We’ve been up Flattop Mountain and over to Hallett Peak numerous times, as its one of our favorite hikes (without carrying our children).
However, continuing the hike on to Grand Lake always seemed to be a bit of a stretch, both due to the distance, and just the logistics of arranging transportation back and forth over the mountain (at over 17 miles, it wasn’t a hike I wanted to turn around and repeat the next day). As we’ve had the truly immense joy of adding two beautiful young girls to our family in the past 4 years, some of these more difficult hikes had been shelved in favor of more kid friendly (or at least kid-carry friendly) destinations. Kelly is the best though, and after hearing me talk about this hike so much (probably to the point of driving her nuts), she finally told me that I needed to just plan the trip with some friends and make it happen. In August this year, we did just that.
A couple of general facts about this hike:
-Hike begins at the Bear Lake trailhead, which is extremely busy in the summer and fall months. Parking can be difficult to come by, but the early start required by this type of undertaking usually will guarantee a space.
-There are a few local shuttle services that will provide transportation back and forth from Grand Lake, but there are no park shuttles that go over Trail Ridge road, so individual arrangements must be made. We opted to drop a car off the night before over at the North Inlet trailhead (end of our hike) in Grand Lake. To leave a car overnight anywhere in the park, just make sure to get a free wilderness permit at one of the ranger stations (we obtained ours at the Kawaunechee Valley Visitors Center).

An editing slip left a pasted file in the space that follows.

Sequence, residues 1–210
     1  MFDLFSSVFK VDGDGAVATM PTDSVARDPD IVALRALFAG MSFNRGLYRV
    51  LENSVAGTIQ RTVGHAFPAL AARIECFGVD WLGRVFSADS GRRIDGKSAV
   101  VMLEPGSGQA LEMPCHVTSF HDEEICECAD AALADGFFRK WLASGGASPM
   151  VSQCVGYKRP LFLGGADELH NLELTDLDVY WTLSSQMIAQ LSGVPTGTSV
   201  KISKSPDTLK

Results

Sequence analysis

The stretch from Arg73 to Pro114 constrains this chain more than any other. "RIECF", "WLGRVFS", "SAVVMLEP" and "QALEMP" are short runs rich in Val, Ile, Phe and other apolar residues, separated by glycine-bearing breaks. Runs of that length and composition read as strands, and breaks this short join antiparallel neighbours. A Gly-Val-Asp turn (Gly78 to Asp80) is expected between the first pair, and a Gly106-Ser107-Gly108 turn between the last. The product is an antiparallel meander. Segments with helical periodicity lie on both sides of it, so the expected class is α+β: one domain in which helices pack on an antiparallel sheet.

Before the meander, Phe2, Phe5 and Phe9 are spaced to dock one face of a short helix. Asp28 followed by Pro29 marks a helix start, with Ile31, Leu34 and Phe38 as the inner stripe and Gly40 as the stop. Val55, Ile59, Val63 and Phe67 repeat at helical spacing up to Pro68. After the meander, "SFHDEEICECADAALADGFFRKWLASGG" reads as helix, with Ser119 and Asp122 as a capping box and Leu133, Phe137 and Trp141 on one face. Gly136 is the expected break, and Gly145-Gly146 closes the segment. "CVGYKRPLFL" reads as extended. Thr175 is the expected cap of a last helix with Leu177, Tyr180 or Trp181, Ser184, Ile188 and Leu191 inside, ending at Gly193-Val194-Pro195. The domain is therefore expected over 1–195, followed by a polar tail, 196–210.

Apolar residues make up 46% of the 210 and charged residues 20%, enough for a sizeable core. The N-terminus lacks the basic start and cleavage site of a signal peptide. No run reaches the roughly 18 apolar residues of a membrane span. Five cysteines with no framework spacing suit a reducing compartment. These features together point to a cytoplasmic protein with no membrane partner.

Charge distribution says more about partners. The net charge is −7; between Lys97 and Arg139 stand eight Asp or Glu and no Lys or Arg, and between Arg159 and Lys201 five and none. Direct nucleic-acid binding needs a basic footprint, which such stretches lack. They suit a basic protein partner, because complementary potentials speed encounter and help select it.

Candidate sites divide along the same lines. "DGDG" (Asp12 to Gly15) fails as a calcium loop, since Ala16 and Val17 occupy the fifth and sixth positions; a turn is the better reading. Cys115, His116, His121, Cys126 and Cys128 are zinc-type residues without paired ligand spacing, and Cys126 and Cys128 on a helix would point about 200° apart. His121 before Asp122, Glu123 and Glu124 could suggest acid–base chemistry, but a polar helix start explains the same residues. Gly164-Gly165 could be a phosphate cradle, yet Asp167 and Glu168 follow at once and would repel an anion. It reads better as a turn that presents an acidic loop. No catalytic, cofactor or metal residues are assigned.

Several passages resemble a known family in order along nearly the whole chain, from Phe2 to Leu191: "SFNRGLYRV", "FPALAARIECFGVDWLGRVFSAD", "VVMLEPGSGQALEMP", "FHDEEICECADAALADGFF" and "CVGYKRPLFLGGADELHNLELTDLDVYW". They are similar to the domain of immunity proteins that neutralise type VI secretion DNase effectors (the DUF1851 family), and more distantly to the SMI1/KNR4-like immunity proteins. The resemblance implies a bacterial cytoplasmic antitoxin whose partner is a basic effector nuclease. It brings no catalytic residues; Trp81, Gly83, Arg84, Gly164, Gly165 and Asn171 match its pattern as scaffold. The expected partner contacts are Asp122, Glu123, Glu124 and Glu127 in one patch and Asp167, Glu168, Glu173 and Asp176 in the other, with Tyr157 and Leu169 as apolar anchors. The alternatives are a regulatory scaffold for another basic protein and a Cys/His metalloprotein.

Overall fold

-As I’ll detail below, weather can be a wild card anytime you are heading above the tree-line, so a wide range of cold/wet weather gear is critical. Total elevation gain from Bear Lake to the summit of Flattop is roughly 2,850 feet, followed by a descent of roughly 3,800 feet to Grand Lake.
-Many people break this hike into a 2-day affair, camping at one of the numerous backcountry sites that are available on the second half of this trail, but we opted to travel more lightly and knock it all out in one day (which I honestly think is the easier approach given all of the elevation gain and decline involved).
-Though steep in a few places, this route is entirely a class 1 hike with no material amount of exposure to steep drop offs. Still, a poorly timed turned ankle 8-10 miles in would make for a rough day, so gear to survive overnight if needed is never a bad idea.
-We carried all of the water that we needed (roughly 3L per person) but there are plenty of places on the descent where a filter could be used to replenish supply.
On to the journey itself…
We set out for the trailhead at roughly 6:30am, hoping to get started shortly after 7:00. Everyone in our group had at least some high-elevation hiking experience, but you never know how altitude may impact aperson on any given day. After a bit of grumbling and the cynical remark “This is considered recreation, and fun, correct?” from one party member during the initial mile or so, everyone seemed to settle in to a comfortable pace.